"This group needs proof that millions of people like you care about the Net so that they can convince the UK Government, or indeed any government, not to block websites or disconnect people from the Net by law. Wherever you are in the world, become a fan and show that the Net matters to you. "

And they explain that they have set up the page because: "The UK's Labour Government thinks people in the UK wants them to control the Net. It's trying to push through Lord Mandelson's Digital Economy Bill before the UK elections in May/June. The UK's Conservative Opposition seems to agree with them. The UK Lib Dems are the only mainstream party which is trying to stop them. "


The UK LibDems conference motion, key points: 

Conference believes that this amendment to the Digital Economy Bill

a) would alter UK copyright law in a way which would permit courts to order the blocking of websites following legal action by rights-holders

b) would be open to widespread anti-competitive and civil liberties abuses, as the experience with similar webblocking provisions in the US Digital Millenium Copyright Act illustrates

c) could lead to the closure of internet hotspots and open wifi operated by small businesses, local councils, universities, libraries and others

d) could have a chilling effect on the internet, freedom of expression, competition and innovation as Internet Service Providers take down and/or block websites to avoid facing the costs of legal action

e) may be illegal under the Charter of Fundamental Rights of the European Union and other EU law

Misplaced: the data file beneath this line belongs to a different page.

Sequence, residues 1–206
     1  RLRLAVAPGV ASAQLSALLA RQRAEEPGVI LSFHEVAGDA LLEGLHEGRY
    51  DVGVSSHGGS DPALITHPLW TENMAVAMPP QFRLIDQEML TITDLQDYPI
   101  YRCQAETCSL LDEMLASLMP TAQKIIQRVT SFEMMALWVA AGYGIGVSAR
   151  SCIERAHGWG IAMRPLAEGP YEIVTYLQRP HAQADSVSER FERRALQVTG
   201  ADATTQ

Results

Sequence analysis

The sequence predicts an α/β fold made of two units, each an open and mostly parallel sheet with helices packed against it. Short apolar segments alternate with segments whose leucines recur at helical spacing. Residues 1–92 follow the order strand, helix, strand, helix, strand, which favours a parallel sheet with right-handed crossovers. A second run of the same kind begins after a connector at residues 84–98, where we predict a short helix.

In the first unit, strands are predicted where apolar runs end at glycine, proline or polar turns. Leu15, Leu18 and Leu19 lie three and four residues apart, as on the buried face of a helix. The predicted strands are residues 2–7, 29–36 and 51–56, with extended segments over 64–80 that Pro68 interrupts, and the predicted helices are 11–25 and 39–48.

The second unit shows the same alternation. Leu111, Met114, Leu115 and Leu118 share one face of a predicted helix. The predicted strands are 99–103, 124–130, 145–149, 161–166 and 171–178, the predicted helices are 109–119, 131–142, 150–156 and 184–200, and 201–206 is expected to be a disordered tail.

Conference condemns

a) web-blocking and disconnecting internet connections

b) the threat to the freedom, dignity and well-being of individuals and businesses from the monitoring of their internet activity, the potential blocking of their websites and the potential termination of their internet connections.

c) the Digital Economy Bill for focusing on illegal filesharing rather than on nurturing creativity and innovative business models.

Conference supports

a) the principle of net neutrality, through which the freedom of connection with any application to any party is guaranteed, except to address security threats or due to unexpected network congestion.

b) the rights of creators and performers to be rewarded for their work in a way that is fair, proportionate and appropriate to the medium. Conference therefore opposes all regulatory attempts to monitor, control and limit internet access or internet publication, whether at local, national, European or global level.

Conference calls for:

1. All publicly-funded publications to be freely accessible under a Creative Commons Attribution-Sharealike licence.

2. Copyright legislation to allow fair use and to release from copyright protection works which are no longer available legally or whose authors cannot be identified.

3. A level playing field between the traditional, copyright-based business model and alternative business models which may rely on personal copying and legal filesharing.







The Copyright Enforcement Enigma tells the story of the 2009 Telecoms Package and how the copyright industries tried to hijack it.